Finished Reading, now for Math

I mentioned here a while ago that I had started reading Suzanne Antonetta’s A Mind Apart:  Travels in a Neurodiverse World.  Well, I finished it just a few moments ago (depending on what a moment is), and now I kind of want to read it again and take notes and let my thoughts go and see where they take me from her words.  But it’s due back at the library tomorrow and I have school work to do and many other things and I’m a little afraid of being open to the ramblings of my mind while reading again, so I’m not going to do that.  However, there were some words near the end that I stuck my bookmark into to share with you because I had something to say about them.

Page 215:  “My mind ways give me an inability to see things simply, a common syndrome of the neurodiverse.”

This reminds me of trying to do homework in elementary school.  I would have math worksheets to fill out, and did them quickly, with no issues, until I got to the final problem or two (they were always at the end, these troublesome questions).  Then, I had trouble.  I don’t remember how severe my reactions were, but I do remember spending inordinate amounts of time on these last problems, needing my parents to talk me through them again and again, until finally I gave up and wrote the answer.  It wasn’t that I didn’t know the answer all along–I most certainly did.  The problem was that these worksheets always ended with prompts like “Explain your answer.”  I always thought that the answer was complicated, though I knew it wasn’t because it was the same every day and the lines provided weren’t long enough for such an answer, especially in first grade handwriting.  Why, I wondered, did I have to explain my answer…it was right, it was right because that’s just how it worked, because I did it right, and explaining it would be highly complex and philosophical (though I didn’t put it into those words at that time), and anyway, why did I need to explain it–the teacher already understood and knew I understood.  These were very, very simple questions, and I just…didn’t get it, in some part of me.  I did understand and knew what I needed to write and could have been done with it so much more quickly and easily, but I couldn’t.  I just couldn’t answer those questions without making sure someone knew I thought they were stupid.  Or maybe that wasn’t it; I don’t remember thinking that at the time, but it seems a reasonable enough explanation.  Having gone through much more school since then, I have come to realize that people, apparently, have low standards and don’t really expect me to do my best when answering such questions, no matter what they may claim philosophically.  They do not expect me to write an excellent essay to the best of my abilities; they expect average, to the best of a mediocre twelve year old’s abilities (at the college level; in first grade, of course, a lower level was expected).  They do not expect brilliantly explained theories of anything from me; they simply want me to answer the question, and do it simply.  My college textbooks, particularly one for teacher education, are written quite poorly…well, maybe not…maybe it’s average.  Even this blog…the proofreader suggests taking out “complex expressions” like “require” and replacing them with words like “need” to make it easier to read.  I’m sorry, but require is not a complex word.  And passive sentences…I’ll admit I use them a bit more than is necessary, especially online, where I don’t put forth my best effort (do I ever?), but really, I think most people reading this blog will be able to understand “The papers were given to me” or “The teacher gave me the papers” or “I received the papers” equally well.  They all say the same thing.  Or perhaps I am seeing this too simply or not thinking simply enough.  Going back to those math worksheets, what I needed, at least what helps in similar situations now, is rewording of the question to sort of unlock my answer that’s stuck in my head upon reading or hearing the original wording.  I understand that different wording works for different people, but a writer cannot possibly serve everyone in a single piece, no matter the word choice or complexity of phrase or anything, so why bother trying to have “easier” readings all the time?  These better wordings annoy me and make it harder for me to read, while I know they make it easier for some others.  Why must we try to limit the diversity of thought and understanding?  Another thing from school:  you can’t start a sentence with “because” because it will be incomplete.  THIS IS FALSE!  For instance, “Because of the recent decline in woodpecker sightings, it is believed that there will be a corresponding decrease of seemingly random holes in trees.”  That’s a perfectly complete sentence, and it’s structured so that some people understand it better than they would if it said, “It is believed that there will be a decrease of seemingly random holes in trees.  This decrease corresponds to the recent decline in woodpecker sightings.”  Why are we taught cause and effect and then told we can’t use it in our writing, in order?  Because the standards of the majority are low, we are not expected to fulfill our personal potentials.  Instead, we are expected to be mediocre; at the same time, those who excel are seen as special, people who achieve the unachievable, even though many more people could excel if given the proper nurturing.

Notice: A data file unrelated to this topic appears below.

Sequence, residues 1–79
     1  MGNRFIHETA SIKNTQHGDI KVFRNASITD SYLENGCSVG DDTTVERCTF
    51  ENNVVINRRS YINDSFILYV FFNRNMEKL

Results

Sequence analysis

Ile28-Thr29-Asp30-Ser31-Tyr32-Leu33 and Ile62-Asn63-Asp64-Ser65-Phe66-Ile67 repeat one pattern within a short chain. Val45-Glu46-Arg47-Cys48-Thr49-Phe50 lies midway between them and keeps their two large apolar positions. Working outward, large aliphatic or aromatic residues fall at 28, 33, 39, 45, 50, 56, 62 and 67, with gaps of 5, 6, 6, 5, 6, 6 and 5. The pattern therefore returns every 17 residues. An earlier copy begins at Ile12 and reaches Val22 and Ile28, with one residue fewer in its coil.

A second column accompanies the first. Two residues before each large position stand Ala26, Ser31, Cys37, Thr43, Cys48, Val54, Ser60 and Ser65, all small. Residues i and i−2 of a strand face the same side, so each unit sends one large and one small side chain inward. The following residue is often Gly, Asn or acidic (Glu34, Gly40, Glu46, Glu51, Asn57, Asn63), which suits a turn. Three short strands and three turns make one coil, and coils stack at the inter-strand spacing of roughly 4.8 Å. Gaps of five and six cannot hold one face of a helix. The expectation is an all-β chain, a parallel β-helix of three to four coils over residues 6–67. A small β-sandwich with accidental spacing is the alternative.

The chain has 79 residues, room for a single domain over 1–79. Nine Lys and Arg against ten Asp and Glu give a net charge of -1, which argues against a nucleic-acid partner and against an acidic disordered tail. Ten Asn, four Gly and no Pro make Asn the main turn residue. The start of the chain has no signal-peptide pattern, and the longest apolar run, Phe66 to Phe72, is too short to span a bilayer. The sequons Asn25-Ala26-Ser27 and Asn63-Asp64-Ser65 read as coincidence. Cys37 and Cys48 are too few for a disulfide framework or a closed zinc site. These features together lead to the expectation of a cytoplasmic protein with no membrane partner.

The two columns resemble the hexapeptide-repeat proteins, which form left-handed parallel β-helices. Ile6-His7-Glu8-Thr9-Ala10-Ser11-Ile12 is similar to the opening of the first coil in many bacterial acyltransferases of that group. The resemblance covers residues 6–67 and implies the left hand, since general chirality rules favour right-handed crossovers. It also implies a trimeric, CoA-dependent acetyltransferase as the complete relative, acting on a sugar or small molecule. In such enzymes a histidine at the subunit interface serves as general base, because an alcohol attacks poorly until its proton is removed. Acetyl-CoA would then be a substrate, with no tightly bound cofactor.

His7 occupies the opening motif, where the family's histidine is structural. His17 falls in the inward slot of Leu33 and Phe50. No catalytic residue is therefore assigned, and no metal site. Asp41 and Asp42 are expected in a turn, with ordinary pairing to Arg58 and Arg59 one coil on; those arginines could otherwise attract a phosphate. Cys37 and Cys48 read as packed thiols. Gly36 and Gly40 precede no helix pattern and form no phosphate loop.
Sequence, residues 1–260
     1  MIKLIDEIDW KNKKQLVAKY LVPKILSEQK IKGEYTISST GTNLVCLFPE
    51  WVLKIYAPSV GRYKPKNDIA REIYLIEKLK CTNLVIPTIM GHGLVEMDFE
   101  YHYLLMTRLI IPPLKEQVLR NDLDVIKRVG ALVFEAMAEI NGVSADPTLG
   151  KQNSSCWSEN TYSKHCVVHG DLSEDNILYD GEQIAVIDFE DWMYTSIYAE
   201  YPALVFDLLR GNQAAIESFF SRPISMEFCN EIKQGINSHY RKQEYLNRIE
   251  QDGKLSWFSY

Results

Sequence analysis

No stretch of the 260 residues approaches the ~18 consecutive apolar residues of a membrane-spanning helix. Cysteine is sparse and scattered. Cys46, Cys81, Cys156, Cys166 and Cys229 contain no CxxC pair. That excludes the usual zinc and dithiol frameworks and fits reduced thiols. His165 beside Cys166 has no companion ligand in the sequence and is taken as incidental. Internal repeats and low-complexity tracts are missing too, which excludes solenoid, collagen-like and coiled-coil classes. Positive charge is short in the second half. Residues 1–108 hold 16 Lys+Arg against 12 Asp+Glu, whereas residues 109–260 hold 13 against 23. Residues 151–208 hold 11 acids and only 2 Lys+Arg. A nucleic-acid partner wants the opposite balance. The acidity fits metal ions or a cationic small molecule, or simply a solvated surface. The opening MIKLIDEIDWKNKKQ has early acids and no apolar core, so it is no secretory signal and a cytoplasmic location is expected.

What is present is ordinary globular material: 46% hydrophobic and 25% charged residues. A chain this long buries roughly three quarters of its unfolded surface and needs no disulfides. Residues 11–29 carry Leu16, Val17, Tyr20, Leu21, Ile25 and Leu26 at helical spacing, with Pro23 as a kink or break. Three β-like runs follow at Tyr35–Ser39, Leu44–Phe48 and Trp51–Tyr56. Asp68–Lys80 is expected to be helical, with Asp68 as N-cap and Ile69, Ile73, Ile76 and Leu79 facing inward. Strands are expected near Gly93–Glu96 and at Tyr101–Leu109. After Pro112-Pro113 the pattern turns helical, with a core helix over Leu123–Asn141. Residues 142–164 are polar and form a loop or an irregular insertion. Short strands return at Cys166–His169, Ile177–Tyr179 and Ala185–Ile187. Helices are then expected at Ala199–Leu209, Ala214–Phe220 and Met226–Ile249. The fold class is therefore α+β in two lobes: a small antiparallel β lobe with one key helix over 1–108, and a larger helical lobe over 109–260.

Well, that’s not quite where I was expecting to go with this post.  I don’t really know where I was going, but this wasn’t it.  I know it’s a bit, well, rambly and mediocre, but I have been conditioned to not care, and that’s the path I’m choosing to take.  The path of least resistance is…easier…than caring, though, obviously, I do care, sometimes a bit too much, apparently.  But I digress, again.  Maybe.  I’m not really sure.  Perhaps I should reword it.

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